A roadmap diagram of the WZDx with the following text: 1. Work Zone data gathered using a common specification 2. Aggregated by infrastructure owners and operators (IOOs) 3. Published in a common format 4. Picked up by mapping companies 5. Delivered directly to roadway users
Figure 6: WZDx Roadmap Source: FHWA


Graphical user interface of the WZDx API that provides an alert to the driver that reads "ALERT - Construction Vehicle Entering Roadway Ahead".
Figure 7: In-vehicle messages provided about the work zone. Source: MCDOT

In 2017, foreseeing the need for smart work zones to support Connected and Automated Vehicles (CAVs) on the roadways, Arizona DOT (ADOT) and Maricopa County DOT (MCDOT) collaboratively deployed a Connected Vehicle (CV) Work Zone pilot focused on freight movements along MC-85 [5]. These efforts led to the initiation of a Work Zone Data Pilot in 2019, utilizing regional roadway construction and maintenance related closure and restriction data and focusing on expanding the WZDx common core specification to include Traffic Management Data Dictionary (TMDD) data. The smart work zone system included a series of detectors, four portable DMS, closed-circuit television (CCTV) cameras, excessive speed feedback signs and solar-powered roadside units (RSUs) [5]. MCDOT used the collected roadway construction and maintenance data to generate an open Application Programming Interface (API) feed for the work zone, based on the USDOT’s WZDx specification. A primary user of MCDOT’s WZDx API was a trucking company whose drivers were able to receive in-vehicle messages about lane closures, worker presence, as well as vehicle-specific alerts about hazardous conditions and excessive driver speeds (as shown in Figure 7).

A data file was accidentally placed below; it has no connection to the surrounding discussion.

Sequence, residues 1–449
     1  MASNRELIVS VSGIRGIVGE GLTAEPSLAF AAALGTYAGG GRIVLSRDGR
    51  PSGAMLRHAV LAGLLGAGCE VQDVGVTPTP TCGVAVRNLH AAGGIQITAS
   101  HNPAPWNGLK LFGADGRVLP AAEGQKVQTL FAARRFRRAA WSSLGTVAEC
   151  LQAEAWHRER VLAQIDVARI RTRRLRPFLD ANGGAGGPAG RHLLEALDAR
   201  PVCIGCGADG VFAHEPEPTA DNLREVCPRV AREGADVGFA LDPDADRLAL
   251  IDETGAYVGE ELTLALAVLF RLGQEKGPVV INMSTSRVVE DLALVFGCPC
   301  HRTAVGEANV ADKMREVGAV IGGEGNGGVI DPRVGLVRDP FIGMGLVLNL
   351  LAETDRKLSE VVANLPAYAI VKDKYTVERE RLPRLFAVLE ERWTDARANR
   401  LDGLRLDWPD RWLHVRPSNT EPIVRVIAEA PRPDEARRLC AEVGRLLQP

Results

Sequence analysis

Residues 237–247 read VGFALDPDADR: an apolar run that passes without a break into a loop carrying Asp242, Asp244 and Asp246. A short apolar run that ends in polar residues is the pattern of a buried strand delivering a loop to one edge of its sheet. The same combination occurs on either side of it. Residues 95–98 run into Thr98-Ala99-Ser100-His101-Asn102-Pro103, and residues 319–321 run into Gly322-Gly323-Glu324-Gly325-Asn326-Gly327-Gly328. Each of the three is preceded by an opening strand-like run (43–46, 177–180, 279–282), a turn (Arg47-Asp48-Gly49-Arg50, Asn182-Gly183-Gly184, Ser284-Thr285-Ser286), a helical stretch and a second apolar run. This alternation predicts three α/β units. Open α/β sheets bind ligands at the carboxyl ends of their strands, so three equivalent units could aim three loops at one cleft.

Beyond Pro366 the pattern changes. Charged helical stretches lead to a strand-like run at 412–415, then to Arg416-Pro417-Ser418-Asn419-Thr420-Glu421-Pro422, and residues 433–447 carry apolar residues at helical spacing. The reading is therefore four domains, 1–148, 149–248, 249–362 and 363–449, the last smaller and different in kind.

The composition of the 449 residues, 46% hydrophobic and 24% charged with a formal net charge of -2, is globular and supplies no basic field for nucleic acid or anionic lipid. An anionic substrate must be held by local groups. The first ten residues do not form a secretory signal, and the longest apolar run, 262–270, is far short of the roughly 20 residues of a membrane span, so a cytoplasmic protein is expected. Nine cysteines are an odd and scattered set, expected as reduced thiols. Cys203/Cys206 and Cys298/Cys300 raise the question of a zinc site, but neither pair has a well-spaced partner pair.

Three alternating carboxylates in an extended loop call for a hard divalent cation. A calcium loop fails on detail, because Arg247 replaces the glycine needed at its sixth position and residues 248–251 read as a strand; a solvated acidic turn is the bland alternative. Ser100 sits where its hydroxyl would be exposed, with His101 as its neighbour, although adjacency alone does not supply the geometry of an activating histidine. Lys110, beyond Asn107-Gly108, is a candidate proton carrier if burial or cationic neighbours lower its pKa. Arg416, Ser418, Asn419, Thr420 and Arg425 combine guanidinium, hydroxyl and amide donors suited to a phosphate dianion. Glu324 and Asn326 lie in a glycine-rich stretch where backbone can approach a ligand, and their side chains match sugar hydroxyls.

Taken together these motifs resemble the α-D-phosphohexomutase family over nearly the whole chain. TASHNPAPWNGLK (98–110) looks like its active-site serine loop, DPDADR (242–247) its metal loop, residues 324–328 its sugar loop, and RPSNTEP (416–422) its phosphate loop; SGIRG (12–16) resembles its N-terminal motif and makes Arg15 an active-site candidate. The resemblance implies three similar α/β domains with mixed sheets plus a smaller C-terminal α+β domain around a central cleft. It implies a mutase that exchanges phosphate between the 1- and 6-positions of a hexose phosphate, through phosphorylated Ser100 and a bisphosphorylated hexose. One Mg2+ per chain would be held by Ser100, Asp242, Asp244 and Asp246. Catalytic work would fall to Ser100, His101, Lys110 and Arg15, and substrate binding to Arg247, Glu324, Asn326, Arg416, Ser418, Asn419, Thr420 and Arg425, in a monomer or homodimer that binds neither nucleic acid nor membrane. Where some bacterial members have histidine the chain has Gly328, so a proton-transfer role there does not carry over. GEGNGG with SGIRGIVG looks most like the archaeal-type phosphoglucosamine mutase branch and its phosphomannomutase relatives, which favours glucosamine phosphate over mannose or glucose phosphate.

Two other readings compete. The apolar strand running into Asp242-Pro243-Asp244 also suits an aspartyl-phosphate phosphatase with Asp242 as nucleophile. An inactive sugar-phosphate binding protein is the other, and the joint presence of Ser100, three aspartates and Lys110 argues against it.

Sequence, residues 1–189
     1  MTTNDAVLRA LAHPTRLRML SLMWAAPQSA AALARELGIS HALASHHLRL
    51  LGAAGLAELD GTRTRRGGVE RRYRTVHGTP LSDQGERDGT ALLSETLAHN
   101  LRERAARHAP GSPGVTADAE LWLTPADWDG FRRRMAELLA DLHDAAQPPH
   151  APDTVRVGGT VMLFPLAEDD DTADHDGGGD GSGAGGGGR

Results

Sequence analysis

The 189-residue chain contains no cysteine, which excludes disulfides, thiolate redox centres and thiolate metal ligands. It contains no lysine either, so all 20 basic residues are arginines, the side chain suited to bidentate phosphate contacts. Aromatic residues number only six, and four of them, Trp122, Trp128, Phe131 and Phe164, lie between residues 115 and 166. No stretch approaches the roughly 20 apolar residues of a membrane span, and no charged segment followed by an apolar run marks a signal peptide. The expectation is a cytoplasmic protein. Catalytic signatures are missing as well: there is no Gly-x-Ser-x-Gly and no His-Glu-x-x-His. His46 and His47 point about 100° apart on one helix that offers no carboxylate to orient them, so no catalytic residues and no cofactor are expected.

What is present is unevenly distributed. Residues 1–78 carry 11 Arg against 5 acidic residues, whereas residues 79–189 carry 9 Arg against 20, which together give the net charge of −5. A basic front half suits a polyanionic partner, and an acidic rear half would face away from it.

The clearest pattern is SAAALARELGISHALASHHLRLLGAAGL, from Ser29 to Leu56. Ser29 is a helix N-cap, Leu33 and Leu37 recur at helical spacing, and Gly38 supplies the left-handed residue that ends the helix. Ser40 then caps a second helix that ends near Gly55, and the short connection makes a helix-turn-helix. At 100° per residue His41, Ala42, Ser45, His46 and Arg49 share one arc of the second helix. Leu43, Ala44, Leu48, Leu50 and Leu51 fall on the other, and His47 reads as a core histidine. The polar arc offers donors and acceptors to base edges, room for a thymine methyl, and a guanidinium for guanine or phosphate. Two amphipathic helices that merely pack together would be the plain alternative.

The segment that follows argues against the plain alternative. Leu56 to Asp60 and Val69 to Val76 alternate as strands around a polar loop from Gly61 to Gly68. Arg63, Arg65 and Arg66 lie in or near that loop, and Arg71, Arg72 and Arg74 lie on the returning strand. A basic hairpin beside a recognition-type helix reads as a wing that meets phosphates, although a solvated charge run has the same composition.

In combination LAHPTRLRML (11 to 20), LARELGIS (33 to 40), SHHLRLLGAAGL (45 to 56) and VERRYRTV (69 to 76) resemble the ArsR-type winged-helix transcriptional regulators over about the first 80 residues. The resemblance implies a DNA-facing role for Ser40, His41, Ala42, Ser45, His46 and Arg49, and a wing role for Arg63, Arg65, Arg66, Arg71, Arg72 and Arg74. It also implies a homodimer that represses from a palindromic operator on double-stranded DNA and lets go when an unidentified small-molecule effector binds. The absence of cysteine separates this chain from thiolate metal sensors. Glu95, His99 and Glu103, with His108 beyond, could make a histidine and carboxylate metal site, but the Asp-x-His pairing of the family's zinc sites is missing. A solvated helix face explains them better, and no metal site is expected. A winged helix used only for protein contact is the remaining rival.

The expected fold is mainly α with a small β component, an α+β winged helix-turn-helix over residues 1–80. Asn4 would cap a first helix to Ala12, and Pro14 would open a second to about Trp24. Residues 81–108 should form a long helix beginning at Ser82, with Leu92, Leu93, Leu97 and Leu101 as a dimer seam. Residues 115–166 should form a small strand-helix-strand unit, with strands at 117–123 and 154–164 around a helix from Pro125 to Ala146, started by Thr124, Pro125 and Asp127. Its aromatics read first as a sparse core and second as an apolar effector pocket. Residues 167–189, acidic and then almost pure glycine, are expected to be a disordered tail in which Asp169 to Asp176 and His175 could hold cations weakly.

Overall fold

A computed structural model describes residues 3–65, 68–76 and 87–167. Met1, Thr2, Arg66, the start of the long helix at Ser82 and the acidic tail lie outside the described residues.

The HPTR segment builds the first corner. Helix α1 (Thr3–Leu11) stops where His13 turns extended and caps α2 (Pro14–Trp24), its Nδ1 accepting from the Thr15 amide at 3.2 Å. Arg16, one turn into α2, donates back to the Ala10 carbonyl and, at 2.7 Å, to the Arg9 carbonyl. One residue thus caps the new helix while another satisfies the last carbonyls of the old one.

[1] FHWA, "National Work Zone Awareness Week," April 2021. [Online]. Available:
[2] Gaffney, N. "FHWA Newsroom," 27 April 2021. [Online]. Available:
[3] Boodlal, L., Garimella, D., Chiang, K., Schrock, S., Fitzsimmons, E. "Strategies for Work Zone Transportation Management Plans," 2020. [Online]. Available:
[4] "Work Zone Data Exchange (WZDx)," FHWA, 2021. [Online]. Available:

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Executive Briefing